An Extravagant Response
Dena JohnsonCrosswalk.com blogspot for Dena Johnson of Dena's Devos
- 2015 Mar 12
How is a Christian to respond?
This week, videos surfaced of students from a University of Oklahoma fraternity singing sickening, racially-motivated lyrics. The racial slurs were painful to hear, and the video should offend everyone who sees it. Racial tensions in our country are at an all-time high, at least in my lifetime. To add fuel to the fire in such a manner only deepens the divide.
I recently learned that a friend of mine is a lesbian. She married her partner here in Oklahoma after the courts struck down the ban on same-sex marriages. I’ve known her for years, and I have often wondered if she was a lesbian. However, I never inquired and she never shared. Perhaps she didn’t share because she was afraid that I, as a Christian, might reject her.
Some time ago, yet another friend of mine got into some legal trouble. He was going through a very difficult period in his life, and he made some poor choices. Those choices are completely out of character for him, and yet he is still paying the consequences of his decision. He lives in fear of judgment and condemnation.
In some very, very small way, I can understand how it feels to be rejected for sin. Since I began openly sharing about my divorce, I receive some extremely hurtful and condemning comments and emails from Christians. I am reminded frequently that divorce is a sin, that God hates divorce. I am told that I need to seek reconciliation with my ex-husband regardless of the circumstances surrounding my divorce. I am told that if I remarry, I will be living in adultery and condemned to hell.
However, as I study scripture, I find myself asking how Christ would respond to these situations.
To the Samaritan woman at the well, he acknowledged her worth despite her race and gender (John 4). He offered her living water.
To the woman caught in adultery, Christ extended mercy and gave the exhortation, “Go and sin no more,” (John 8). He told her accusers to look at their own sin, first.
To Zacchaeus, the tax collector, Jesus went to his house for fellowship (Luke 19). His love brought about true change in the life of a sinner.
To the sinful woman who anointed his feet with expensive perfume and wiped them with her hair, he forgave her sins (Luke 7). Because her sins were many, she had a tremendous debt of gratitude for the forgiveness extended to her.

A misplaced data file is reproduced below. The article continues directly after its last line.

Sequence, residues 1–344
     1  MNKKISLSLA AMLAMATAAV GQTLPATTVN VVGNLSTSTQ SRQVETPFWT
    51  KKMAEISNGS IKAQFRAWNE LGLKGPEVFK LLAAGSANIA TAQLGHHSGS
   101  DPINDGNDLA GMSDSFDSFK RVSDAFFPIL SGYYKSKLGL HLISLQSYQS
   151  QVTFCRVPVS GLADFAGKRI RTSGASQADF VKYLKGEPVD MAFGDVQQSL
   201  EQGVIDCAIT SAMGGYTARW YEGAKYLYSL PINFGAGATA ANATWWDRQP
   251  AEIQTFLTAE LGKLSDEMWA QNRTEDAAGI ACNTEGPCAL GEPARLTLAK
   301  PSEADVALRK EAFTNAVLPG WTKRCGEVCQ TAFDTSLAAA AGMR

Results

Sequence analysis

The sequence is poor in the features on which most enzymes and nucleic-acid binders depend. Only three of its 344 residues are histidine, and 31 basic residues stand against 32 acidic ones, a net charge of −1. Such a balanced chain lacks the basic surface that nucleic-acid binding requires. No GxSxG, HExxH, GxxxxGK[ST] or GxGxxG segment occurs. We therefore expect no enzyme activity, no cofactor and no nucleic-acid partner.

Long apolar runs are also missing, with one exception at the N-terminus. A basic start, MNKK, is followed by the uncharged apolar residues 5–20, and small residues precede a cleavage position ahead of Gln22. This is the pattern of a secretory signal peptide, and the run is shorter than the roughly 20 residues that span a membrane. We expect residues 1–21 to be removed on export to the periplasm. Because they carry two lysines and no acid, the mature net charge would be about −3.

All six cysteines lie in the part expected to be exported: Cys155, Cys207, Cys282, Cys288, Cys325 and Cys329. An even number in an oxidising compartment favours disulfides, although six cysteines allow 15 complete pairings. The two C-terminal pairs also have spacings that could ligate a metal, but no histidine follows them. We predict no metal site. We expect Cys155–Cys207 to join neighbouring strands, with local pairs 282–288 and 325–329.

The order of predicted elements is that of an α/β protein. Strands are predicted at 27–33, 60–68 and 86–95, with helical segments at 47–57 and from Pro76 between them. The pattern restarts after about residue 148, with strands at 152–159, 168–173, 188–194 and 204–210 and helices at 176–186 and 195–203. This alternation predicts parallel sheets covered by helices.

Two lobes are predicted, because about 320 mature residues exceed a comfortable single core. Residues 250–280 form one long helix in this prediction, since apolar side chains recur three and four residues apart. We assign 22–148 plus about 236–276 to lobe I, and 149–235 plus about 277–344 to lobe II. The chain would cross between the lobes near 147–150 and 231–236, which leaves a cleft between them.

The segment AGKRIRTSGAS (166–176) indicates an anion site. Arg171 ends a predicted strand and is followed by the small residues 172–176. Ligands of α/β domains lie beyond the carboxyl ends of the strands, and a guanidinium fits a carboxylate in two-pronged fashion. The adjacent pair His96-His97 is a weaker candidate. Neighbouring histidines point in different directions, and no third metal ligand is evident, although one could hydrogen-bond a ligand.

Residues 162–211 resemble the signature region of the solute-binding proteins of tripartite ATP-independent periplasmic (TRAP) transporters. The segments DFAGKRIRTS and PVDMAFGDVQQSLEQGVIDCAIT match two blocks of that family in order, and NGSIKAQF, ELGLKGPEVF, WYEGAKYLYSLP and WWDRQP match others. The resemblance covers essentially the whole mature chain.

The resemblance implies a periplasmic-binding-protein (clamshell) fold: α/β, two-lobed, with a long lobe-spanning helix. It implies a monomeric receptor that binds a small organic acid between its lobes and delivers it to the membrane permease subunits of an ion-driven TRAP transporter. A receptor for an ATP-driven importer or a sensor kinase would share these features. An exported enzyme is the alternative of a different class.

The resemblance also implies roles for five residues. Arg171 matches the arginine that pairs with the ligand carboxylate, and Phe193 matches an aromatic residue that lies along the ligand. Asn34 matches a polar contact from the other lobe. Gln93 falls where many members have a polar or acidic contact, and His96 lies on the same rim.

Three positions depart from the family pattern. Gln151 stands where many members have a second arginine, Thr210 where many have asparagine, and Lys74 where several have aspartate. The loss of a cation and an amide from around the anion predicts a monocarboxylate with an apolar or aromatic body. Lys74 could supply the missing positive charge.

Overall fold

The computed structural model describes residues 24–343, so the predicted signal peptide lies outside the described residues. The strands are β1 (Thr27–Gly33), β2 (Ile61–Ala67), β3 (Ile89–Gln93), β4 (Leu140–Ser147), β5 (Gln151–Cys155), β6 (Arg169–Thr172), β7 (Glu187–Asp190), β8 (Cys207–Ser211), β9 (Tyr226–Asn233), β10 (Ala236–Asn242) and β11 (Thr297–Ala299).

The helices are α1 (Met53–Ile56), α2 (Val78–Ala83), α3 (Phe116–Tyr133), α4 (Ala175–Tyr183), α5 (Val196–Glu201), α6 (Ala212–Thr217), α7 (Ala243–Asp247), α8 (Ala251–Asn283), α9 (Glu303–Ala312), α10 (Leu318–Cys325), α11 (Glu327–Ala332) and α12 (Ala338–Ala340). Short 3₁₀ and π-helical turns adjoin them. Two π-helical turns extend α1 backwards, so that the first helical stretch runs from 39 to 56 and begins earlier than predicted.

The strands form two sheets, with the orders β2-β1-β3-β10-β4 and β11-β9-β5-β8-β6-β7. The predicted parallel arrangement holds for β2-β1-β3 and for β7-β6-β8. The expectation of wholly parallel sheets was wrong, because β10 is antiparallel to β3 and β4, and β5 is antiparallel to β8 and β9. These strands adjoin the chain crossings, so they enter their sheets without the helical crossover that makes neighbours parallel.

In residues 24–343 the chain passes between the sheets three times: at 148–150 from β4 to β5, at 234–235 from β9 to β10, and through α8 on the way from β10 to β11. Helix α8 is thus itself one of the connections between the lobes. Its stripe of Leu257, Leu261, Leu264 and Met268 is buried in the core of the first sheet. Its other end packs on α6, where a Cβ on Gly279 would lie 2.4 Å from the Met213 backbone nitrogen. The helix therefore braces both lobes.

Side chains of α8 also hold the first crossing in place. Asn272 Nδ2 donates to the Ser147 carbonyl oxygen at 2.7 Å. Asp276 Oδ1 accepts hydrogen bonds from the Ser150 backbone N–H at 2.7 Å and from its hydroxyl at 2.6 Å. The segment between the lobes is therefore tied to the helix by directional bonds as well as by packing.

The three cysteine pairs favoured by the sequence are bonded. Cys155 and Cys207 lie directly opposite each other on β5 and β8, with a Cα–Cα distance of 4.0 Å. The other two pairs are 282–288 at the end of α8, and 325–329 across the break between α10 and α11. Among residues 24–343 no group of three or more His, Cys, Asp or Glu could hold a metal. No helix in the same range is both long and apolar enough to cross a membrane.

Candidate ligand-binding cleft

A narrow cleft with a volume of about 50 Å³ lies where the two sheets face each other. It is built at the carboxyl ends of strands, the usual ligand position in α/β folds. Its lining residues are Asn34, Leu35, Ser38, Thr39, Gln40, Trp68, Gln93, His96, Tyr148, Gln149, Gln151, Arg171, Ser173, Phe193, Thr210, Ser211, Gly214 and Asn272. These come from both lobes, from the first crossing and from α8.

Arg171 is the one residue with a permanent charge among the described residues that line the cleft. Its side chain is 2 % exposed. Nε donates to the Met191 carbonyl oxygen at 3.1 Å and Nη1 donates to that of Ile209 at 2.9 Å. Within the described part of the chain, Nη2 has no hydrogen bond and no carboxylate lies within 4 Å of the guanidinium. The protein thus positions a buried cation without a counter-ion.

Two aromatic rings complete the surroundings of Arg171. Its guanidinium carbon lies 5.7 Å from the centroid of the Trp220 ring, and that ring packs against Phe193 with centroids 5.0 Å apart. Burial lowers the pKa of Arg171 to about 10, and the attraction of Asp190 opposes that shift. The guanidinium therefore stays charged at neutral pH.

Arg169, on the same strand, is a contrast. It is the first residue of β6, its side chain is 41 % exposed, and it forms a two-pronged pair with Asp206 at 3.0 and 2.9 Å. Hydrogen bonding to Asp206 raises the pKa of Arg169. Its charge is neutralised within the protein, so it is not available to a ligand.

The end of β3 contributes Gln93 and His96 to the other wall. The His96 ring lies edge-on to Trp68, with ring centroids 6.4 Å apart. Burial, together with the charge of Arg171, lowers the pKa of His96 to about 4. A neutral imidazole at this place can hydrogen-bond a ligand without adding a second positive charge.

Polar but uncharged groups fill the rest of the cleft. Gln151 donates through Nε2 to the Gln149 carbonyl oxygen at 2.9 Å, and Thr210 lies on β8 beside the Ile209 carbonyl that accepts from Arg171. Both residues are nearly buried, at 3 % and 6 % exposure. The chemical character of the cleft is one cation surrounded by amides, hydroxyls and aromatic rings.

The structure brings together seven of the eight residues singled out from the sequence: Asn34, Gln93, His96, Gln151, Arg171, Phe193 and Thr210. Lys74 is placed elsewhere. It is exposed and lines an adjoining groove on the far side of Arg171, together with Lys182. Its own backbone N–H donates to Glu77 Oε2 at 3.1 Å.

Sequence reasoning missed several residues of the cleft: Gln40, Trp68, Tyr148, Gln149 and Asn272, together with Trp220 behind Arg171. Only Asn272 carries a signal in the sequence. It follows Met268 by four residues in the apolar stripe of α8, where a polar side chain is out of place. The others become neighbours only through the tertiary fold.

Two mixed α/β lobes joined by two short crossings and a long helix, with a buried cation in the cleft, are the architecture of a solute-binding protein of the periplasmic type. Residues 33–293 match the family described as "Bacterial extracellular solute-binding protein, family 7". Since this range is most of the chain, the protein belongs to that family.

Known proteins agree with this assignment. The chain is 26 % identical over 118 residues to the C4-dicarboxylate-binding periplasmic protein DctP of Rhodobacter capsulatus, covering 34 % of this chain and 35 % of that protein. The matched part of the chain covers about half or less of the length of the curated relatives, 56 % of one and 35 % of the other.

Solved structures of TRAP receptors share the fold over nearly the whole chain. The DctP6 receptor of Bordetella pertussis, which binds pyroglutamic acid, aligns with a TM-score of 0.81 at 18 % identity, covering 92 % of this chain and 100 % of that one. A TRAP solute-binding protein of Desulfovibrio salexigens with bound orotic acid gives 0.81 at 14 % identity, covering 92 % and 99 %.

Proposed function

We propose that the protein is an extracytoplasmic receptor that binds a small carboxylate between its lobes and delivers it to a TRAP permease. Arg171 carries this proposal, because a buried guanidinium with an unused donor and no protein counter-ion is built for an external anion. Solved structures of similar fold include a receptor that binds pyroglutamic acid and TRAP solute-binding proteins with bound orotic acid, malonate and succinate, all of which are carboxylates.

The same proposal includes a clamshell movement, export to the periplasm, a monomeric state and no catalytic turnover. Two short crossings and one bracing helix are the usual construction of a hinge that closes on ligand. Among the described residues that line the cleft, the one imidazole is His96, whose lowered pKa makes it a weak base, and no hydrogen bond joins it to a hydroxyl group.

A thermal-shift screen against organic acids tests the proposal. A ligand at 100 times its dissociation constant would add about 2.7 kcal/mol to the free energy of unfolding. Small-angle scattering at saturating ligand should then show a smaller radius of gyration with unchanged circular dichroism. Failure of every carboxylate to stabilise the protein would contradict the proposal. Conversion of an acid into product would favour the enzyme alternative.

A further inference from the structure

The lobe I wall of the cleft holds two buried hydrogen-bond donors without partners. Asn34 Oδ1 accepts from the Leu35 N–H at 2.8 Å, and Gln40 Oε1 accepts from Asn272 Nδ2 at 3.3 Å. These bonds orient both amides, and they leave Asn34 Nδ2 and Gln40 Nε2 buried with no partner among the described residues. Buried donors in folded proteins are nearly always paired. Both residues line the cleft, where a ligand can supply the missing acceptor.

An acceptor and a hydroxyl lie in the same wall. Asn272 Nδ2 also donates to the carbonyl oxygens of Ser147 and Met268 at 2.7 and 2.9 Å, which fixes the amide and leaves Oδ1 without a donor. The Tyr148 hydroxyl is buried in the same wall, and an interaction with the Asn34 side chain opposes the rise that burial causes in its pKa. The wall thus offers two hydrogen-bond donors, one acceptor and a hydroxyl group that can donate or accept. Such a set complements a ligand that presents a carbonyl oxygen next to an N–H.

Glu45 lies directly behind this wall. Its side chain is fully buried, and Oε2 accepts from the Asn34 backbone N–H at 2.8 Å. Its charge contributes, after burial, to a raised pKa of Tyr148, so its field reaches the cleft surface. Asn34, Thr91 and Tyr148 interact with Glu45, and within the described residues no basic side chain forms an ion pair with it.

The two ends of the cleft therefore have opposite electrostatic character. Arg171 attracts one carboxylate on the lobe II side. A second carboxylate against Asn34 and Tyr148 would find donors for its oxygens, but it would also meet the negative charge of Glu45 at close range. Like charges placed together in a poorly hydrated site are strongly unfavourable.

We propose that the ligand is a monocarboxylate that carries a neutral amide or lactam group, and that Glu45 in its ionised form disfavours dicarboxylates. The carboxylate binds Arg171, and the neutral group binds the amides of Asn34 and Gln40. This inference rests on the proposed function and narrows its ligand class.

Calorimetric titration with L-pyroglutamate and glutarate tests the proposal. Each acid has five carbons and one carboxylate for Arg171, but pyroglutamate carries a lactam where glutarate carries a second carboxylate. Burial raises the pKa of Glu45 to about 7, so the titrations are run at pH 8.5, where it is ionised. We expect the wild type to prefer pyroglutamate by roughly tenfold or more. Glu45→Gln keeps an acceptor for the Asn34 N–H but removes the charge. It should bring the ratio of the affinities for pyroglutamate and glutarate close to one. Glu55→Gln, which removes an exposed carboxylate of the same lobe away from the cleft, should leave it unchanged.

But to the hypocrites, those who pray publicly and loudly, making a show of their superior spirituality, Christ said they had received their reward in full (Matthew 6). He reserved his harshest words for those who felt compelled to point out the sins and shortcomings of others.
How often does God extend grace and mercy to me in the midst of my poor choices? How often do I fall at the feet of Jesus in gratitude for the debt of sin he has canceled for me? How often does he fellowship with me despite my status as a lowly sinner?
And yet, so often I let my pride get in the way of people. My first response to another’s sin is often one of self-righteousness indignation. How could that person do something so awful?
And then, if I choose to hear him, I hear the whisper of the Holy Spirit reminding me of my own sin. Perhaps it’s my own poor choices when my life fell apart. Perhaps it’s my own pride that blinds me to my sin while keeping me focused on the sins of others. Perhaps it’s my daily failures to walk in total and complete obedience to my Savior, to live completely abandoned to the one who died for me.
How, then, should we respond to sin? I would argue that we should respond with extravagant love! We should seek reconciliation with those who feel rejected and condemned. We should love unashamedly those walking counter to scripture. We should allow mercy and grace to pour through our lives to those dealing with the consequences of sin. We should remember that it is only by God’s grace that we are where we are today.